“We are losing trees that have been a part of our heritage and skyline for a hundred years. And all to facilitate the gratuitous widening of a perfectly functional road. It’s absolutely bonkers. Rather than cut trees, the ministry should be working with contractors, the environment ministry, NGOs, landscape architects and environmental experts to find alternative solutions. 

“This is not an area where the government can afford to be either complacent or doctrinaire. Trees, as natural resources providing shade and purifying air, are already in very short supply in Malta. They also promote mental well-being. Did you know that in Ireland every tree has its own ‘birth certificate’ and ‘identity card’?”

These are words quoted from my article “Let’s occupy trees instead” published in the Sunday Times of Malta on June 24, 2018.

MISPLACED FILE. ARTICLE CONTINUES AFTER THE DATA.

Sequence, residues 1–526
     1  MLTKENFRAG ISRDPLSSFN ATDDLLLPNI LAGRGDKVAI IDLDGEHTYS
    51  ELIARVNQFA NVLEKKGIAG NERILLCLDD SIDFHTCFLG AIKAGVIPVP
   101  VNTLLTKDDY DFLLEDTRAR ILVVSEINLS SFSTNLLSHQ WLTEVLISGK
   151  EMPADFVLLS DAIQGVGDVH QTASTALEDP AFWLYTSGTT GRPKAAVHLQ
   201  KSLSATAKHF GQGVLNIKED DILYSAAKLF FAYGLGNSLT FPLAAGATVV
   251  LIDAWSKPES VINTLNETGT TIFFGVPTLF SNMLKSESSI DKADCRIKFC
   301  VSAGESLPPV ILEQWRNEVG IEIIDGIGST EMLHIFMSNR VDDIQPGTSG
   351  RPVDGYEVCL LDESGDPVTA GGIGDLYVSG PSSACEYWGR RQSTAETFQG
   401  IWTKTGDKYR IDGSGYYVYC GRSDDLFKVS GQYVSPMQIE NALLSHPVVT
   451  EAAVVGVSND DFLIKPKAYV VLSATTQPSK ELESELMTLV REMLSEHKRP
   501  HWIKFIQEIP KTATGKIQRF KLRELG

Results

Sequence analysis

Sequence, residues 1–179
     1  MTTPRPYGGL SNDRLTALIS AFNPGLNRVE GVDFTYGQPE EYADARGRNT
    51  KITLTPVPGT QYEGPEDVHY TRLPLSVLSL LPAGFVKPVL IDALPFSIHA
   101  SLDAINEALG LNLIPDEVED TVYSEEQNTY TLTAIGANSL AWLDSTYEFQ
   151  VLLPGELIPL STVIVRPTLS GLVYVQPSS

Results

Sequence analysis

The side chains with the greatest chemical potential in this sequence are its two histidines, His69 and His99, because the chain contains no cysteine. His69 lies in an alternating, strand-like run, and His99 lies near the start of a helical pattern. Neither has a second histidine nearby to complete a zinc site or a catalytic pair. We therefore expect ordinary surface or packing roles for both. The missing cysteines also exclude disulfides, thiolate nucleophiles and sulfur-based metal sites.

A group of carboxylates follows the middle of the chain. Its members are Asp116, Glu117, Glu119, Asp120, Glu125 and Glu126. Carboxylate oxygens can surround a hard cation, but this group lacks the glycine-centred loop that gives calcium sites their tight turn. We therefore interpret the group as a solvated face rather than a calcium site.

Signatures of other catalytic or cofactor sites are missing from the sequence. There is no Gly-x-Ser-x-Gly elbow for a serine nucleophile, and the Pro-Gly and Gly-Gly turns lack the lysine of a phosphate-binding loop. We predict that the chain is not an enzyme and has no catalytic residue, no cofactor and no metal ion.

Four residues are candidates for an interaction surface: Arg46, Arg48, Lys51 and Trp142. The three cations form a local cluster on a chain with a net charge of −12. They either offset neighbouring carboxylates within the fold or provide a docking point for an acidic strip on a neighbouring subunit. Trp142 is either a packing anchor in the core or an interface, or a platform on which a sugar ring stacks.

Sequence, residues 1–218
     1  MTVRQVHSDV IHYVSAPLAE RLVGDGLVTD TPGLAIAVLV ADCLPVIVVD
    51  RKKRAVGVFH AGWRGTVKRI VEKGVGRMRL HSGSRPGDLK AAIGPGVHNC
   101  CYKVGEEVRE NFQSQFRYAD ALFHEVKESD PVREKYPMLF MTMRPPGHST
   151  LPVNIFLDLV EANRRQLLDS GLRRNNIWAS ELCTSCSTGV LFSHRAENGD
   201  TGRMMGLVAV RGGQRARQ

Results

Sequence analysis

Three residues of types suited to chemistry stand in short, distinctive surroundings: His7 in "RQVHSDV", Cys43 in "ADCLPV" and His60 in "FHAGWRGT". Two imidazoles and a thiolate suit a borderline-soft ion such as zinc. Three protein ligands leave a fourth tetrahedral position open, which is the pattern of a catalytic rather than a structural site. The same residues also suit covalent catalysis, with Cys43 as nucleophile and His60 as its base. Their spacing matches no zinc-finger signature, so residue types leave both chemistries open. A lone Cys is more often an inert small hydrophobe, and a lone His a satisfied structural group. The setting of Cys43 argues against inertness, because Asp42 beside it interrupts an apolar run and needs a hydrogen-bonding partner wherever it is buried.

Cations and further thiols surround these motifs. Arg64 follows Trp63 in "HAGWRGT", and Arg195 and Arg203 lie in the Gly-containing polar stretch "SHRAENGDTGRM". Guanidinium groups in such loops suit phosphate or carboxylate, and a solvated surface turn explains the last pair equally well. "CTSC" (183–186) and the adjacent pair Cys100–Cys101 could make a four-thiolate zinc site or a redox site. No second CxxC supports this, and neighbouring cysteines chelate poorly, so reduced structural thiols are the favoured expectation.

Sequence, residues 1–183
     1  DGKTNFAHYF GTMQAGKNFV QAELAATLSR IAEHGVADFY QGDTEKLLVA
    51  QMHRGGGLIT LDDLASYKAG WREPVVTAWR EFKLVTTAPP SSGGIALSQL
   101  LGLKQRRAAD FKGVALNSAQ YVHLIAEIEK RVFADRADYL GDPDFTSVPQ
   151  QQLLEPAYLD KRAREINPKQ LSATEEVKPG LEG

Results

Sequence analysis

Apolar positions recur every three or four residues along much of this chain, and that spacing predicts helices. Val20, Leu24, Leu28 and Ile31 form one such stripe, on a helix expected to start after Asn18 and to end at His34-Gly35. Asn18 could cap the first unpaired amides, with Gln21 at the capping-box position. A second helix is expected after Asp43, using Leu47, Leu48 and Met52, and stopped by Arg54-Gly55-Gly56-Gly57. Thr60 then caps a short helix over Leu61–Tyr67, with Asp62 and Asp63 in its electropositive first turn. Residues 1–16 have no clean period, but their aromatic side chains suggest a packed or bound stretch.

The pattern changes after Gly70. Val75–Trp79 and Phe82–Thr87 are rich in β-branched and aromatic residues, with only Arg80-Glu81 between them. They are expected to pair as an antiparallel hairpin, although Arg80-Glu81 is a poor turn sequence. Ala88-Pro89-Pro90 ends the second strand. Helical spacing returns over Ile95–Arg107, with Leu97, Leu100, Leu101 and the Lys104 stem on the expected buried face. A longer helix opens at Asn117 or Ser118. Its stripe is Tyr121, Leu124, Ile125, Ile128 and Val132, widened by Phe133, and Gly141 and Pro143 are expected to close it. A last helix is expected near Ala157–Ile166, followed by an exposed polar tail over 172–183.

This excerpt, now written over a year ago, applies just as forcefully today – perhaps even more. Interestingly, I wrote it at about the same time that the vexed issue of the Rabat Road trees first became news. Two hundred mature trees in the upper part of Mdina Road, we were told, would be uprooted to make way for the €55 million Central Link Project. 

There was, of course, widespread public outrage. The furore eventually led to the ministry going back to the drawing board. The usual statements of denial were issued, plans were revised over and over again, and we were even told that Transport Malta architects had discussed the project with the Environmental Resources Authority to ensure the least possible environmental impact. 

What finally emerged was that the majority of the trees, hitherto threatened, would actually remain in place on a dedicated central strip. An additional 212 trees would also be planted. And, in yet another of the changed plans, we were assured that only 15 of the 76 Aleppo Pines earmarked for uprooting would actually be removed.